One thing that’s been consistent in Star Trek from day one is its critique of modern capitalism. The Federation is also a post-currency society that is fully socialist, they just give food and medicine and shelter and clothing to people who need it. They have technology that can make all basic necessities appear out of thin air, and it’s freely available to everyone everywhere. Any time they run across a species that still uses money, it’s very clearly a problem. This was a really radical thing to do in 1966, and to be honest it’s a pretty radical thing to do in 2021, to just insist over and over again, without exception, that society would be objectively better if capitalism went away. But because Americans are afraid of the word ‘socialism,’ they say it using aliens and starships instead of actually saying the word, because that’s what you do when you write fiction. Whether or not they’ve fully realized their premise’s potential in other regards, this one critique has been consistent and, I think, pretty effective. It shows up with varying levels of subtlety in different shows and episodes, but it pretty much always lands on its prime point: being forced to pay for basic necessities is fucked and nobody should have to do it, especially not in a culture where those things can be freely mass-produced at any time.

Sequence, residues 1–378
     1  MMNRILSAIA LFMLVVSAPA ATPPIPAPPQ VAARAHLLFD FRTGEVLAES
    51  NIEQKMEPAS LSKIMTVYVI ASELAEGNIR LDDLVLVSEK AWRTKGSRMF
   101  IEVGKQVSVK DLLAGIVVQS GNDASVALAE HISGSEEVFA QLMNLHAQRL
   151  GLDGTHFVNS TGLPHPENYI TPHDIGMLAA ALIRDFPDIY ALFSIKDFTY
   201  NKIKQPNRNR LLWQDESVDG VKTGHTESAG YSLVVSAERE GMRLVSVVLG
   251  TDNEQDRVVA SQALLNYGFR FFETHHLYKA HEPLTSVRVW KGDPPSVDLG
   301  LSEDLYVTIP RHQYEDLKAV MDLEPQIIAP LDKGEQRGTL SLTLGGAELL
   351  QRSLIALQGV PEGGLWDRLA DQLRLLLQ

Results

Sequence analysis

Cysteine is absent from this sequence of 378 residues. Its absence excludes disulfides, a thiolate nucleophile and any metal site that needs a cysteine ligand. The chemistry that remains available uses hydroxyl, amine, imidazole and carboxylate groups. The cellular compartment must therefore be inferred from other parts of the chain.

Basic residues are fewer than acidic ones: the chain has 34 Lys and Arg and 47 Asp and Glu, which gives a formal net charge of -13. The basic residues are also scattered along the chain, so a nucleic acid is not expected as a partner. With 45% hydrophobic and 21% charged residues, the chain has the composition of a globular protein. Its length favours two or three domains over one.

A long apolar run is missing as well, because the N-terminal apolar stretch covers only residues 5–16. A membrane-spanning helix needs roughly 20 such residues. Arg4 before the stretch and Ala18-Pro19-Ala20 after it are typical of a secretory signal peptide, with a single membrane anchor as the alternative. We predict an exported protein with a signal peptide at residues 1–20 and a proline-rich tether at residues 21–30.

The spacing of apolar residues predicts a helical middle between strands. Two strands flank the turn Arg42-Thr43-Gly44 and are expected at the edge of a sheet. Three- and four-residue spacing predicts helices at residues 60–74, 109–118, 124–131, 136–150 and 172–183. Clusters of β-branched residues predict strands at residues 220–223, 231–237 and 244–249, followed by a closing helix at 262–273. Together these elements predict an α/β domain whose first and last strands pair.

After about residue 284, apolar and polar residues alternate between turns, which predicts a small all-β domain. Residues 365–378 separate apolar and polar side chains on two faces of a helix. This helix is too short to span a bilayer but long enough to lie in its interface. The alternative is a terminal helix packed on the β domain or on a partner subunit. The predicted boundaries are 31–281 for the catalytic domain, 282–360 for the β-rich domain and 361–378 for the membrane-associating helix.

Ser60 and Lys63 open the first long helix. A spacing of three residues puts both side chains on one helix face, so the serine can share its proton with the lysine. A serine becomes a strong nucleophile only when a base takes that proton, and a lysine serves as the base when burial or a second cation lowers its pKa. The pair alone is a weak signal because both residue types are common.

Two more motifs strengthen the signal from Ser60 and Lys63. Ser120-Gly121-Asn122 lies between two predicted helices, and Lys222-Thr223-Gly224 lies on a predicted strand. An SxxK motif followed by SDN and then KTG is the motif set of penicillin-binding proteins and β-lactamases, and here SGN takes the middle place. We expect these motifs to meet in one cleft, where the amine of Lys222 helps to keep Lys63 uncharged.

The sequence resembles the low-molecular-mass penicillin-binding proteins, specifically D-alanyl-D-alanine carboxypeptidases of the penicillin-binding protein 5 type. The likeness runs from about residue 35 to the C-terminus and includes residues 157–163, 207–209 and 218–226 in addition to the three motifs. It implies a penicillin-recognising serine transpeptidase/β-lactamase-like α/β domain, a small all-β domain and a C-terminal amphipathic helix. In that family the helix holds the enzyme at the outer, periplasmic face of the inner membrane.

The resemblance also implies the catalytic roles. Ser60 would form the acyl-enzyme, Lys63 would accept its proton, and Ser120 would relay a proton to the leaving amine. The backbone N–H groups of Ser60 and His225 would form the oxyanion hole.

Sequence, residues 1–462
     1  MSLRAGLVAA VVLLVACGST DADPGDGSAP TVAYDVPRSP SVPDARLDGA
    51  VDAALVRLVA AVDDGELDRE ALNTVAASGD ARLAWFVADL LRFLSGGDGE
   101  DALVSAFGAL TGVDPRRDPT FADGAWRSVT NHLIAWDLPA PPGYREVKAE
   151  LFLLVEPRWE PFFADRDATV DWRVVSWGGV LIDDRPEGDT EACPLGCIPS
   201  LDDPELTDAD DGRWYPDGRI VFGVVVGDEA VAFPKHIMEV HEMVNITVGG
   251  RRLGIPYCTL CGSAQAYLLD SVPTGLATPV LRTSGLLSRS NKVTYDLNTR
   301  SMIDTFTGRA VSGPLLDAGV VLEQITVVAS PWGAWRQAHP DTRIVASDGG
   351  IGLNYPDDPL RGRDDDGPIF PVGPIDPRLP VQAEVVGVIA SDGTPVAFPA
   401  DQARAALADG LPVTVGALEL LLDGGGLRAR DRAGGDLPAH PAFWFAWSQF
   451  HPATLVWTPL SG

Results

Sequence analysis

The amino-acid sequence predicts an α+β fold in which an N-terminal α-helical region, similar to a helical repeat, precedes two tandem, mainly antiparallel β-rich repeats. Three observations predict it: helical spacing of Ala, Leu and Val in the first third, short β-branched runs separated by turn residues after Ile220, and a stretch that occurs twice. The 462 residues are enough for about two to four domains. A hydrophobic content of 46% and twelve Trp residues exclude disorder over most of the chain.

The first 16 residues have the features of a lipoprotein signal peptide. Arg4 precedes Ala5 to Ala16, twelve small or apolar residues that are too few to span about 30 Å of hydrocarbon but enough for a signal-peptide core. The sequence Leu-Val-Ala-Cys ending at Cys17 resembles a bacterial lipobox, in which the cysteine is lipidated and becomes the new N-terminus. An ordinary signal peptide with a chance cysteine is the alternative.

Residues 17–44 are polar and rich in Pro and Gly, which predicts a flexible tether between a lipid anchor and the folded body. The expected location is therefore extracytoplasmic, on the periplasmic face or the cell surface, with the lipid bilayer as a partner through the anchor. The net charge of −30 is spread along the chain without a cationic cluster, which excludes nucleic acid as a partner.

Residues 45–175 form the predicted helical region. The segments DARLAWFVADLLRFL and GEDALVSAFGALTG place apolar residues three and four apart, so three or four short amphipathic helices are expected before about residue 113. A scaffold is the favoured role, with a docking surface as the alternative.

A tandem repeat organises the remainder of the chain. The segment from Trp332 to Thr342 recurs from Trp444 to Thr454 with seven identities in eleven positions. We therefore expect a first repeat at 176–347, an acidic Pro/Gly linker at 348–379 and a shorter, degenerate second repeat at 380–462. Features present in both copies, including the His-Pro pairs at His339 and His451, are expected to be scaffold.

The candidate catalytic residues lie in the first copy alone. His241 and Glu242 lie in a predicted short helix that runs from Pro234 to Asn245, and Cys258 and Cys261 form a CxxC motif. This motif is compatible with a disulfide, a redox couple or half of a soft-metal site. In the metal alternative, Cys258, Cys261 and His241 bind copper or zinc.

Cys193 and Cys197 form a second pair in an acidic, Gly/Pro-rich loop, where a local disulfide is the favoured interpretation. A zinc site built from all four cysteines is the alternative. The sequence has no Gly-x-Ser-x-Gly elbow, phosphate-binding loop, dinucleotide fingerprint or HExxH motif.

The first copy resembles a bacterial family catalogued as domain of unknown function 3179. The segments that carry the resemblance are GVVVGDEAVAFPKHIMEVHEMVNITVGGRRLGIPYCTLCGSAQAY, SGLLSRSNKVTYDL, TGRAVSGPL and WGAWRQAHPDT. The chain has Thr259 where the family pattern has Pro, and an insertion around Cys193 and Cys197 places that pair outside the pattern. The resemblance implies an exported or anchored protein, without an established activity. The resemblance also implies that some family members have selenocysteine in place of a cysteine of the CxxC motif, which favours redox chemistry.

The politics of Star Trek are obviously always oriented around whatever is happening in the real world when it was produced. The Original Series is really oriented around racial politics. There’s a lot of gender politics in most of 90s Star Trek. New Star Trek makes sure to critique colonialism and have queer people around. This happens at the micro and macro levels, depending on the issue. Anyone who pretends that Star Trek wasn’t political until recently doesn’t know what they’re talking about. Star Trek was never about the future, it was always and still is about the present and the way the world is now, and the things we can do to make it better. They’re still trying to make the world better in the fictional future. There’s no reason why we can’t at least get a start on that now. At risk of sounding trite and tacky, the strange new world the franchise is actually exploring is our own. Or at least it could be.

And that’s the point of Star Trek.

Leave a Reply

Fill in your details below or click an icon to log in: Logo

You are commenting using your account. Log Out /  Change )

Twitter picture

You are commenting using your Twitter account. Log Out /  Change )

Facebook photo

You are commenting using your Facebook account. Log Out /  Change )

Connecting to %s